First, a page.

[​IMG] , where the k are the coefficients.
    It is my hypothesis that the higher i is, the higher the correlation between PoiGF_60 and AoiGF_60 would be, because the higher i is, the higher are the odds of PoiGF_60 actually approaching AoiGF_60. In other words, if up to 4 assists could be awarded on a goal, the odds that a player would get a point on said goal is higher. Basically, you end up in a situation where the more assists are awarded, the closer a player's point total will be to the number of goals scored by his team, because the player is more likely to get a point on any goal.

    I think this would explain why the "predictive" value of the model has increased when adding secondary assists.

    One thing to keep in mind when people refer to secondary assists being statistical noise is that it's when evaluating a player's offensive ability as a whole compared to other players. While it's true that good playmakers will indeed get more secondary assists, the noise occurs when lesser players get "free" secondary assists due to their teammates being good. In general, the impact of the 2nd assist will be lesser than the impact of the 1st assist, which itself is lesser than the impact of the goal (without going into the frivolous "without that 2nd assist that goal doesn't happen!" thingy, which is just a deterministic argument, which in my opinion and that of many analysts, is erroneous when comparing players). Basically, the noise is simply that a lesser playmaker is more likely to have a number of 2nd assists that isn't "in line" with his number of 1st assists.

    Now that my challenging point has been established, I think it would still be interesting to further analyze the data with more advanced statistical techniques. Would you mind sharing your dataset (spreadsheet format or .csv or .txt) ? I have access to Minitab at work, and if I have time during one of my breaks, I could try running some analysis on it. I'm still learning Minitab so that would be a good way to experiment with it at the same time.
     
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  9. daver Registered User

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    There is certainly a correlation between the forwards with the most 1st assists and the most 2nd assists. I think you can point to a couple high end playmakers as being the beneficiary of simply being on the ice most notably Backstrom for a very obvious reason.

    Other than that, assist numbers should speak for themselves.
     
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  10. Hockey Outsider Registered User

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    Fair point - yes, the data combines different years and that might skew the results slightly. Scoring has been fairly stable over the entire period (with a slight uptick in 2018 and 2019). I no longer have access to SAS or anything similar unfortunately - I'll see what the best option is for dealing with this point.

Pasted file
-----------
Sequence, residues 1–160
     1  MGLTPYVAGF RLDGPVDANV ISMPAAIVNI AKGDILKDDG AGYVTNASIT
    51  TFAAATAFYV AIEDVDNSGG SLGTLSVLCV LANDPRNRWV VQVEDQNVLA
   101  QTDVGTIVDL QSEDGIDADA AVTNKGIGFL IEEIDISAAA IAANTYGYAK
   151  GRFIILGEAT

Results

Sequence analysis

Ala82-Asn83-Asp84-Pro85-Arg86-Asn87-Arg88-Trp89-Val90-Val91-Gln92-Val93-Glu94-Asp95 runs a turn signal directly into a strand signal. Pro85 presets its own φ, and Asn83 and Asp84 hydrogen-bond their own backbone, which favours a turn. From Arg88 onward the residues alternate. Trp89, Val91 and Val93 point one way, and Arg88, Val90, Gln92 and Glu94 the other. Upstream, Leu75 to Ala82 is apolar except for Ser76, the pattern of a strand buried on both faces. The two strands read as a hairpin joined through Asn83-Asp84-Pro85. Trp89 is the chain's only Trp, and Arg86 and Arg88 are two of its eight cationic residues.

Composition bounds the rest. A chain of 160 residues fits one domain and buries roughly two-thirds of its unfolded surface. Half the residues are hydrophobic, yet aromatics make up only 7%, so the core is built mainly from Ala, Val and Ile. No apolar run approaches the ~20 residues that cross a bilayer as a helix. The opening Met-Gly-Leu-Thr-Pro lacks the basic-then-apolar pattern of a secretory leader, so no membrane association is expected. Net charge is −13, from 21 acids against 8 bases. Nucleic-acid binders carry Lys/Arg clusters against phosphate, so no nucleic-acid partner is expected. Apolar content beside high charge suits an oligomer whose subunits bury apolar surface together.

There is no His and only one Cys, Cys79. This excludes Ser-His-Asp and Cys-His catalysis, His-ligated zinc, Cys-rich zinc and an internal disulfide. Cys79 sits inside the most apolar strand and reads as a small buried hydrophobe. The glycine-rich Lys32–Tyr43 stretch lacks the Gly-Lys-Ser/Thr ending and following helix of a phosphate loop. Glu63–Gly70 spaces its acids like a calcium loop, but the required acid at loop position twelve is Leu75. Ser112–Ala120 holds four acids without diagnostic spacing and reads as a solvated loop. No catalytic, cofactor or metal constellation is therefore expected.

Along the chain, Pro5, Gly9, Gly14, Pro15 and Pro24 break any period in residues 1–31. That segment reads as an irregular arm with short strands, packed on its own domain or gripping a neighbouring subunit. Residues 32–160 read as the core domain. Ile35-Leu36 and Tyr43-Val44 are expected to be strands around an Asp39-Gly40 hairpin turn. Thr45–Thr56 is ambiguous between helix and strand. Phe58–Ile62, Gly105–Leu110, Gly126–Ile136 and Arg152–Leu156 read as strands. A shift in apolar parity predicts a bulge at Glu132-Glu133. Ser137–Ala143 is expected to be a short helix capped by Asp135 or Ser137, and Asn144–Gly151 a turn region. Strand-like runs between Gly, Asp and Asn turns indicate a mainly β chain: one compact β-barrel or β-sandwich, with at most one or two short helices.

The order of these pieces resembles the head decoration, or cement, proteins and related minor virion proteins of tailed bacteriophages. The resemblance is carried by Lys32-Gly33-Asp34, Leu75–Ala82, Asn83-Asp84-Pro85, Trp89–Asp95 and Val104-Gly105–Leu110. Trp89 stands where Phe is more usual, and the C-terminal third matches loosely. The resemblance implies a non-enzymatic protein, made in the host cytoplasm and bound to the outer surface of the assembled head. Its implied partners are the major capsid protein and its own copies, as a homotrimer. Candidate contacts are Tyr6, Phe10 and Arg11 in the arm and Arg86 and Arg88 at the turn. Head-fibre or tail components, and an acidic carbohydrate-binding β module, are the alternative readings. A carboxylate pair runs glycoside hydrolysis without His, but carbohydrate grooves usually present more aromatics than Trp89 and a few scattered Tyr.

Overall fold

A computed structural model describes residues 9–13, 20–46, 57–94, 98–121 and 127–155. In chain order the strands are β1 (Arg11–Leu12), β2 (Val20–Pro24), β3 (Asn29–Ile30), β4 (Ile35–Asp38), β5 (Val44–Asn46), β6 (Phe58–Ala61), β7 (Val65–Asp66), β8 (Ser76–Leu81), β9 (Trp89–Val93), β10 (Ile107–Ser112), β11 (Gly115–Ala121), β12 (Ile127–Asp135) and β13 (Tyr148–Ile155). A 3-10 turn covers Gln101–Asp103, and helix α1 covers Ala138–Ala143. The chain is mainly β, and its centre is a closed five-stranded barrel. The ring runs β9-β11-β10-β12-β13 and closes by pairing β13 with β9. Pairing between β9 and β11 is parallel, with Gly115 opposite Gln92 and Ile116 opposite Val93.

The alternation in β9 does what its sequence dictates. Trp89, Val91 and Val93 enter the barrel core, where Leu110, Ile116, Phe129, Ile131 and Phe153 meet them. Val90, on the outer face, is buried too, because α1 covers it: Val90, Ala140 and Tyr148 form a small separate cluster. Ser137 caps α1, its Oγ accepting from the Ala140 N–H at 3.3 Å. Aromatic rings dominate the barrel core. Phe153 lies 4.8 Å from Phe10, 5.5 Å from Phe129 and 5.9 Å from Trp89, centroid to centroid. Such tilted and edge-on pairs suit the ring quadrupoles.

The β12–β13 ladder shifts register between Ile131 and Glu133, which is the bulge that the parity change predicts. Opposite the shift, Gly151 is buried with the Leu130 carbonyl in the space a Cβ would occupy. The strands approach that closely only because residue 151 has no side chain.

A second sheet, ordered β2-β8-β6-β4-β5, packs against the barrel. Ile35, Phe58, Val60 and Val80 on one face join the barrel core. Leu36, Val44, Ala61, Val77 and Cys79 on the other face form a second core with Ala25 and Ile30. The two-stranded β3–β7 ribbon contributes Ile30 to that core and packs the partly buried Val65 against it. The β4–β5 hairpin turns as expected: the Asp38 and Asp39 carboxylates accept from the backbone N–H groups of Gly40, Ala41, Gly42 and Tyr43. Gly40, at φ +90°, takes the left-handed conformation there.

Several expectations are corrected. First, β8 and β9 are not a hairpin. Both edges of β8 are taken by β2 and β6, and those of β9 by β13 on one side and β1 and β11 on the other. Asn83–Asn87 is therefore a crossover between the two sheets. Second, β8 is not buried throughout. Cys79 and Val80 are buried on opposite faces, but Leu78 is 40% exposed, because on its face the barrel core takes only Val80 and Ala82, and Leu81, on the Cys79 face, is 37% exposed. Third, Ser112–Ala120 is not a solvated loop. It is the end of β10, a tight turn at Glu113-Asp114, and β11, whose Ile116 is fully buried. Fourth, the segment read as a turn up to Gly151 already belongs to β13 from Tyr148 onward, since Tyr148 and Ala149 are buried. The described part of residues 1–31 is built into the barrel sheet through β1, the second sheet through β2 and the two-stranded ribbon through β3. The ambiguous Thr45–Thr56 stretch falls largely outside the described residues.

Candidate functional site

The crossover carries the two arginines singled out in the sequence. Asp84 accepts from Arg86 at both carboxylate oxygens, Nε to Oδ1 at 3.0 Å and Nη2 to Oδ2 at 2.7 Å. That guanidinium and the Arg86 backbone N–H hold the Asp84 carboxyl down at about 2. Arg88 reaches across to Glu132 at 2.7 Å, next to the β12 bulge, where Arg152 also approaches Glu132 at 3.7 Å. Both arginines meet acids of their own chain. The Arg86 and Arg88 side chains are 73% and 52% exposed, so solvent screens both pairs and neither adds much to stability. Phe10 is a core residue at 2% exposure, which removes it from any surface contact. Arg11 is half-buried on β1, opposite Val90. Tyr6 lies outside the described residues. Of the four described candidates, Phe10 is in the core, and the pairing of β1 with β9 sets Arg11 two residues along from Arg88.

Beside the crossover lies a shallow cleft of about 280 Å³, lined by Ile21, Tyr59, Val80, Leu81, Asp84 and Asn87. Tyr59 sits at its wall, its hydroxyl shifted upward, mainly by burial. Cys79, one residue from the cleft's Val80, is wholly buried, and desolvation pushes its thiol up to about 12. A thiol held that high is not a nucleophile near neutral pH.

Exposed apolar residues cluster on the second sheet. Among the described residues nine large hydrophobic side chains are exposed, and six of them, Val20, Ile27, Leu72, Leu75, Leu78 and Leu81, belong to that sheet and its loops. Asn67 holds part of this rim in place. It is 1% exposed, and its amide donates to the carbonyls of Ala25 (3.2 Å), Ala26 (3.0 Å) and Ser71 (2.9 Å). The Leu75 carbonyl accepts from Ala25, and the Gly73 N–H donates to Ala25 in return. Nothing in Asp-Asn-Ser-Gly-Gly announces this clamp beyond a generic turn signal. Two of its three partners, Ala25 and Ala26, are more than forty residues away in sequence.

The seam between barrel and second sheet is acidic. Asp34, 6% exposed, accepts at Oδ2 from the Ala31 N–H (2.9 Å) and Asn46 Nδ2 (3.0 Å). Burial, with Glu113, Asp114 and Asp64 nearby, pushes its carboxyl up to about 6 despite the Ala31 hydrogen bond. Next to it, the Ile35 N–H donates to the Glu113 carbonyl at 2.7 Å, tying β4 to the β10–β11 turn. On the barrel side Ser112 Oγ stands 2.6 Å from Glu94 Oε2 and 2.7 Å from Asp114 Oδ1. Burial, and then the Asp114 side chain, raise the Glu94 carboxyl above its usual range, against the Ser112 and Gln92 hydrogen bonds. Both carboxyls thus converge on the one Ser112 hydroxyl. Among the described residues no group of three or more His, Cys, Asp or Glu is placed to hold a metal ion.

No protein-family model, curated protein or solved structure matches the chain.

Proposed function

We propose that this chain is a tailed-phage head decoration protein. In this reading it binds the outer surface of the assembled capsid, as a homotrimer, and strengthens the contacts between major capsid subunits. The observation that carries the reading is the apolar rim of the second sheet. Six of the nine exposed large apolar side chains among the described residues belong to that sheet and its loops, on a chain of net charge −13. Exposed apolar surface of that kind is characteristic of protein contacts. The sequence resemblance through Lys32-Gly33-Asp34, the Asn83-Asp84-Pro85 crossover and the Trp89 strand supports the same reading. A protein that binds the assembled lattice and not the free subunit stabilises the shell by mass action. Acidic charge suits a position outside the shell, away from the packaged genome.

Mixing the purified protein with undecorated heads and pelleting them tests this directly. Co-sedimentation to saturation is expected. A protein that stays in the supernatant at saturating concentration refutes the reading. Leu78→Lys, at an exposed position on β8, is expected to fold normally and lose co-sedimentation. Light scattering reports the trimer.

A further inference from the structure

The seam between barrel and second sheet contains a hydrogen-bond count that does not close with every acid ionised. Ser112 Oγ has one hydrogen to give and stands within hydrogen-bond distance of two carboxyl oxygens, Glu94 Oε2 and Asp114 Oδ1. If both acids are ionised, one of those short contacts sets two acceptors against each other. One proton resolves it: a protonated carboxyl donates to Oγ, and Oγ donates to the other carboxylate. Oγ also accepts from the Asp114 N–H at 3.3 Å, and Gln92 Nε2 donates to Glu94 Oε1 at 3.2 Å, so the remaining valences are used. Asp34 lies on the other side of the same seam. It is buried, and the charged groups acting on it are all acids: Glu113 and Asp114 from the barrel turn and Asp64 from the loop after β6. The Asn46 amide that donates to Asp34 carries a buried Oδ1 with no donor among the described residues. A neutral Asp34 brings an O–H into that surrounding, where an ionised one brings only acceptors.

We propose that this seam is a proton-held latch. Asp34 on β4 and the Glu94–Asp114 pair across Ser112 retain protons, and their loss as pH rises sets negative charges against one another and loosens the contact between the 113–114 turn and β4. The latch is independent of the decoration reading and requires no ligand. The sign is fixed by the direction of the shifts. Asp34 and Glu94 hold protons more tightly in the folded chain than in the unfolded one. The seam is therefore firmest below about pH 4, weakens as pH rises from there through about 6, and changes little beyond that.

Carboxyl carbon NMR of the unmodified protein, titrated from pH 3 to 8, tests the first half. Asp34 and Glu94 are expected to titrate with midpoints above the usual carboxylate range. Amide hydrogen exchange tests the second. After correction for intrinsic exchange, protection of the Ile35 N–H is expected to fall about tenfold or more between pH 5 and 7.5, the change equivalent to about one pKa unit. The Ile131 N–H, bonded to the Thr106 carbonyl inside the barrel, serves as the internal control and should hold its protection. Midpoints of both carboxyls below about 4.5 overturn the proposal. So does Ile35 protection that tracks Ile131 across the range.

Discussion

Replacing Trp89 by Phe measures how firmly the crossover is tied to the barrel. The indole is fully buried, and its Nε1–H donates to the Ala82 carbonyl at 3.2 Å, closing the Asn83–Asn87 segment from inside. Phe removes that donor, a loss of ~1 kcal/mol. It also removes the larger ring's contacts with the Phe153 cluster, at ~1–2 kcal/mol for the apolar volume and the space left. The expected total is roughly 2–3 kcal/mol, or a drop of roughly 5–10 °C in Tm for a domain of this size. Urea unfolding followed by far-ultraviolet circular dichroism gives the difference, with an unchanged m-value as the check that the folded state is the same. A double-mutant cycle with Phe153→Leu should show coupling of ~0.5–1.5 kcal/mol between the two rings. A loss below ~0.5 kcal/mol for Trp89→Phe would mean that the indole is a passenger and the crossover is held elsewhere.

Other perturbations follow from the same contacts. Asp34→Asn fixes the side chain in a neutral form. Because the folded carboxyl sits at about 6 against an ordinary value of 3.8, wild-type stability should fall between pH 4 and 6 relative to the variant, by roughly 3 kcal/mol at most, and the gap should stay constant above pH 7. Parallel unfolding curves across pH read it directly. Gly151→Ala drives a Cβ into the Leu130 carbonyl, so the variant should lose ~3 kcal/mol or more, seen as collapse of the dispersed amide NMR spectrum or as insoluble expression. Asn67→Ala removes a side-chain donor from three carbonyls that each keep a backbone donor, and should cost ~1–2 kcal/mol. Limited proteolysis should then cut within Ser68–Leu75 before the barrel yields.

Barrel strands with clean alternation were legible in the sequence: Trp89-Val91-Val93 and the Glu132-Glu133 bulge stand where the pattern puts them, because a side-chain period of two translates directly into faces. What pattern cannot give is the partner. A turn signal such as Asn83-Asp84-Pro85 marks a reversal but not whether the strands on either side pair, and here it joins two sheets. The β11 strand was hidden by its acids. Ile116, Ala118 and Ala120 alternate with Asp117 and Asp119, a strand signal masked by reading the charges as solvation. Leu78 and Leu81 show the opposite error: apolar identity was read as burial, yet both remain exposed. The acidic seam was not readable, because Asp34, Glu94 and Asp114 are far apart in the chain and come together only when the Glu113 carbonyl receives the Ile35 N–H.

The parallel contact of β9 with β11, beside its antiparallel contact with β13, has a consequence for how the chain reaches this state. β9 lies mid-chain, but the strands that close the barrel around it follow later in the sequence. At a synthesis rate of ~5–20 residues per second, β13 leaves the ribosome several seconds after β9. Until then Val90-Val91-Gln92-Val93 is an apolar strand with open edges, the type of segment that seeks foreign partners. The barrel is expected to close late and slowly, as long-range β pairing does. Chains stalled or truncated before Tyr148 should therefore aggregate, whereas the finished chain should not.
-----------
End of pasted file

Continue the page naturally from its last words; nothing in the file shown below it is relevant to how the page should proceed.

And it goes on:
I haven't done an F-test but the extra variable is significant (t-stat is 50.1).

    For the 2nd model - I agree that A2's counting more than A1's doesn't make a lot of sense, but as I mentioned, that's probably a result of there being some multicollinearity in the model.
     
  11. Hockey Outsider Registered User

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    These types of comments are welcome - no hard feelings, we're all trying to get to the right answer here.

    First - I can't figure out how to attach the entire Excel file. I've attached the raw data as a text file - let me know if that works for you?

    I understand your point though. It seems to be a question of causation. Are players getting secondary assists because they happen to be on the ice when their teammates score a goal (in which case this is almost a circular exercise)? Or are their teams scoring more goals because players are good at generating secondary assists (which, perhaps, could be a proxy for puck possession)? Hopefully the file I attached is useful - interested to see what you can come up with using Minitab.

    As to the point about "lesser" players getting a disproportionate number of secondary assists - it's been well established that defensemen (as a whole) get much more secondary assists than forwards. I don't know if it's ever been rigorously examined for forwards (ie do bottom six forwards get a disproportionate number of secondary assists)?
     

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  12. toxic poster Registered User

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    I'll just talk about data validation as other people have voiced the same concerns about model complexity & multicollinearity above.

    SAS has inherent features along with SQL, for you to validate data. There's also packages in R or Python for you validate entire data sets.

    Big fan of the work you've done here tho, I don't think the non-complete validation makes a big difference (in-fact it probably makes little to none), just thought it would be worth for you to know about the resources available. Great way of looking at the data in general and the relationship between scoring & assist reproducibility.
     
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  13. Filthy Dangles Registered User

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    Appreciate the work per usual HO.

    Wish I could understand the finer details and back and forth going on in here a little more though. Most of it is Chinese. I need a crash course in statistics
     
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  14. Zaide Devil Eyes Come

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    Thanks for the data. My challenging hypothesis, which I do think makes sense somewhat, does somewhat seem like a question of causation. Good players will be on the ice for more goals for, so they're more inclined to gather more points (whether it be goals, primary assists or secondary assists). And the more points are available on a goal, the more the predicted GF/60 would be in line with the actual GF/60.